The Legacy Lives On

By Mary Hardbarger


Generations in the classroom: from left, Tara Grant, M.S. ’03, M.S. ’09; her mother, Linda Ferrell Edwards ’80, M.S. ’90; her daughter, Haley Smith ’20; and her grandmother, Sibyle Larine Crigger Ferrell (in framed photo), a 1942 graduate of Radford College.

To Belle Heth and McHarg Elementary School Principal Tara Grant M.S. ’03, M.S. ’09: “School is love.”

That profound belief was instilled in her by the women who not only taught her — they raised her.

Grant, of Radford, Virginia, is a third-generation Radford University educator. Her mother, Linda Ferrell Edwards ’80, M.S. ’90, and grandmother, Sibyle Larine Crigger Ferrell, a 1942 Radford College graduate, are proud alumnae and former teachers and administrators.

This spring, the family’s fourth-generation educator officially emerged.
Grant’s daughter, Haley Smith ’20, earned a bachelor’s degree in interdisciplinary studies and middle school education. She began her first teaching job at Dalton Intermediate School, also in Radford, this fall.

“It’s always been a family affair,” Grant said, sitting in her office at Belle Heth with her mother and daughter by her side. “Now, Haley is carrying on our legacy.”

“I think Radford University, itself, is a legacy,” Edwards added. “Education is a legacy. You have somebody, who helps somebody, who helps somebody, and it just keeps going on.”

Edwards has lived in Radford her entire life. She grew up just blocks from Radford University during the time it was called Radford College, and tuition was $150 a quarter, she recalled. Her mother, Sibyle, earned a bachelor’s degree in home economics with a certification to teach at the high school level.

“Mother was my eighth-grade math teacher,” Edwards said. “She told me I’d better call her ‘Mrs. Ferrell.’ So, the first day we were in class, I yelled, ‘Mother,’ and that was over with real fast.”

The old McGuffey Elementary School, where Edwards attended, was on campus and served as a teacher training school. The teachers Edwards had there would later become her professors.

“Do you remember any of their names?” Grant asked her mother.

“I remember them all,” Edwards said.

Edwards taught in the Pulaski County Public Schools System for seven years and later served as an assistant principal, then principal for 20-plus years.

Grant has fond memories of growing up in her mother’s classroom with her sister, Angie Edwards.

“We were always cutting out lamination and helping with this and that,” Grant said.

“And, the children just loved it,” Edwards continued. “They got to know the girls. Tara did this for us. Angie did that. They would love that connection.”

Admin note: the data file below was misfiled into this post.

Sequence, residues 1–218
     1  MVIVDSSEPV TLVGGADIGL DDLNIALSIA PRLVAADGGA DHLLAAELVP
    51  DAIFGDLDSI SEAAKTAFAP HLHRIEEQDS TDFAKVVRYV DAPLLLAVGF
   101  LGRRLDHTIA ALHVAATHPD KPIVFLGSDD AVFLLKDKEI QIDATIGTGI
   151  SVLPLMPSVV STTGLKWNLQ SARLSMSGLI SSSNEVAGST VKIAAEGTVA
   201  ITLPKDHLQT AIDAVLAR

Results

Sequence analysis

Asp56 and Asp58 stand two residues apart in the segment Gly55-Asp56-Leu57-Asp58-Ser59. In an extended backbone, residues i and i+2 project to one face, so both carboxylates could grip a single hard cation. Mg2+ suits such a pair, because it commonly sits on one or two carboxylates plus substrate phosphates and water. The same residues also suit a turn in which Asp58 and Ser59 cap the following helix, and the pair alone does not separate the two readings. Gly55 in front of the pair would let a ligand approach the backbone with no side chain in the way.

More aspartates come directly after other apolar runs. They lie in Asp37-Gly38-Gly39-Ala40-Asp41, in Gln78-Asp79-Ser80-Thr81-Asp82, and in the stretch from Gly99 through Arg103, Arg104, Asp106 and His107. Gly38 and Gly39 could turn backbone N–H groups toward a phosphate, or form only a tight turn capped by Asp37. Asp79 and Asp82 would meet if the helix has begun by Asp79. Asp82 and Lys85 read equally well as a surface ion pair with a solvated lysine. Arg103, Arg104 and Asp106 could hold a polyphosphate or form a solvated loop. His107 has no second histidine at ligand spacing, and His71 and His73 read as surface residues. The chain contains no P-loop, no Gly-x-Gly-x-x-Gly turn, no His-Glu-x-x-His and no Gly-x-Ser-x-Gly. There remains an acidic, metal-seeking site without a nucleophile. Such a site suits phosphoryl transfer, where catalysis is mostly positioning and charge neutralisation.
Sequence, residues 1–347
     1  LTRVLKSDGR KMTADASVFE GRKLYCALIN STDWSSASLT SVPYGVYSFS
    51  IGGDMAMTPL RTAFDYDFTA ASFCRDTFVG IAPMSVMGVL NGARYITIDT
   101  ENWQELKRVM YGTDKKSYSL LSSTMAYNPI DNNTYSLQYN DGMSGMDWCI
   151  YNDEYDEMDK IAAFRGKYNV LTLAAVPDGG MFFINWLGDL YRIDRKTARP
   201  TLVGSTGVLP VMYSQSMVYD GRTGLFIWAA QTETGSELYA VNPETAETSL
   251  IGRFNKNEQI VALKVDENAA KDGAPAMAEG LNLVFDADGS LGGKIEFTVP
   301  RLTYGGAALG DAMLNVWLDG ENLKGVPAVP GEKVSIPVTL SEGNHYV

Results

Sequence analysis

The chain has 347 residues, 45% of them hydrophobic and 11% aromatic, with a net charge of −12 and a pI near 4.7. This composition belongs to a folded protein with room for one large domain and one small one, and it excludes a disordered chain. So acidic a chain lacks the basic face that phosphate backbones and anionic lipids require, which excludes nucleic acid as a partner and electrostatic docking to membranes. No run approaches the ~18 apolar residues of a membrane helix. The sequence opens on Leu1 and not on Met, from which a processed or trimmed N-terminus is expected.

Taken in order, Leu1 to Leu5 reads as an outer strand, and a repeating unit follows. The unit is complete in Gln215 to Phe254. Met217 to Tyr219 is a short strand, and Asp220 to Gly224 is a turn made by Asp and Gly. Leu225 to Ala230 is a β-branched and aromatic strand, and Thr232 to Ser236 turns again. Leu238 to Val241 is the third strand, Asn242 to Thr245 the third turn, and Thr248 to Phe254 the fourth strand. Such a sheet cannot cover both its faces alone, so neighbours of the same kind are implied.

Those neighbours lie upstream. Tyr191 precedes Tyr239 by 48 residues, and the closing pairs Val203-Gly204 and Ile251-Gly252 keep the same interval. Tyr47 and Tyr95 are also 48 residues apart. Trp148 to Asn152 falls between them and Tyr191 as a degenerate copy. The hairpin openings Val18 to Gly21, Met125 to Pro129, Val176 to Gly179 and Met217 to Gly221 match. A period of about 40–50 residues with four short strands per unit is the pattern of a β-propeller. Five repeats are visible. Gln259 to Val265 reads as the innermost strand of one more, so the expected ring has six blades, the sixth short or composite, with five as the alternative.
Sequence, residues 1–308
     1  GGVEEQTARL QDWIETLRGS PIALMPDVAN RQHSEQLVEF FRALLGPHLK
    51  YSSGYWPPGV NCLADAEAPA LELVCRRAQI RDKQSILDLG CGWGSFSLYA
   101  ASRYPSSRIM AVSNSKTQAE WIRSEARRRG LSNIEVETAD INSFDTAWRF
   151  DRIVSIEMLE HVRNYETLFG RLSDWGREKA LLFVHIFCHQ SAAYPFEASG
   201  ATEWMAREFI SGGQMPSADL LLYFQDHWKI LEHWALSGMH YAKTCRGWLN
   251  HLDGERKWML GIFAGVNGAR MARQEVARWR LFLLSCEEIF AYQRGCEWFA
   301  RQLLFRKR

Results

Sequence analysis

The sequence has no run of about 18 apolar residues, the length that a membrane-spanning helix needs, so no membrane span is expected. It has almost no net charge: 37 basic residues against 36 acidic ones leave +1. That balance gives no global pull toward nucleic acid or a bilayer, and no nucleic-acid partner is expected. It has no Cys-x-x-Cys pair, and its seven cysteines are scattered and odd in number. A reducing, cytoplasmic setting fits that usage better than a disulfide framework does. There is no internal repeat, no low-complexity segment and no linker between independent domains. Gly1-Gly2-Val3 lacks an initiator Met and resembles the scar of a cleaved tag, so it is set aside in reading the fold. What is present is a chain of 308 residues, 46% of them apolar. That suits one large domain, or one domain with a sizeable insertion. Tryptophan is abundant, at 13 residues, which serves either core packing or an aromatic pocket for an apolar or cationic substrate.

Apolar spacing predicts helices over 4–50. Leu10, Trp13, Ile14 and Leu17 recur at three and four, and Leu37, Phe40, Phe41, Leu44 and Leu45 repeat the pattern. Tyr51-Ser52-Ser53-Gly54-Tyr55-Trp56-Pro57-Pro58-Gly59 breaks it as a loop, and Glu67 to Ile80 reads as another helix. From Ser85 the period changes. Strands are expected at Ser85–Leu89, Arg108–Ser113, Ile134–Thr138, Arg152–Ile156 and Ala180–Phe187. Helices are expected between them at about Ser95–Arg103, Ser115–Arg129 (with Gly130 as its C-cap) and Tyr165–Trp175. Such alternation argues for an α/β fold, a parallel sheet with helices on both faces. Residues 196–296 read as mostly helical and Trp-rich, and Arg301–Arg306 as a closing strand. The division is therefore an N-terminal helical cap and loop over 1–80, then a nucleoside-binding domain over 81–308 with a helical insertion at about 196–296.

But Grant's path to education wasn't always as clear as her mother’s and grandmother’s. She calls herself a “late bloomer.”

“I got married, had a baby (Haley), got divorced and moved back home with my parents. I was blessed to have my family,” she said. “I remember my mom told me that anything you do, it’s going to help you. It’s like a tool in your tool bag.”

So, she enrolled, and quickly excelled, at Radford University. She has earned both a master’s degree in curriculum and instruction and educational leadership. She is currently part of the University’s first cohort of Doctor of Education students.

Personally, Grant married a man named Mike Grant, Radford University men’s golf coach. Together, they have a son, Thomas.

2020 is Grant’s 20th year in education. She just finished her fourth year as principal at Belle Heth, which has temporarily consolidated with nearby McHarg Elementary School as it undergoes renovations.

“It’s a heavy job, but it’s also a work of passion,” she said. “If you keep students at the forefront of what you’re doing, you’re always going to do what’s best for them.”

Smith is following that advice as she begins her first year of teaching, one that is faced with unprecedented challenges due to the COVID-19 global pandemic.

“I’m excited for them to be back, just to see their faces,” Smith said. “It’s been difficult, but there is a lot of grace.”

As she celebrates achievements and overcomes setbacks, Smith remembers the teachers and professors who inspired and supported her.

The middle-school English teachers sparked her creativity. The now-retired Radford University education professor made breakfast and baked desserts every week for her students and sewed quilts for them when they graduated. A professor offered her essential oils and let her have a day off from student teaching when she was tired and overwhelmed.

“So many incredible professors have helped shape me and guide me. You’re so much more than just their student, because they really do care for you. And, I love that about Radford University,” Smith said.

Recently married, Smith recalls what she said at her bridal shower.

“And, what made us all tear up,” her mom added.

“I told them I was raised by strong women. Not only my family members, but my teachers, too,” Smith said.


Sep 10, 2020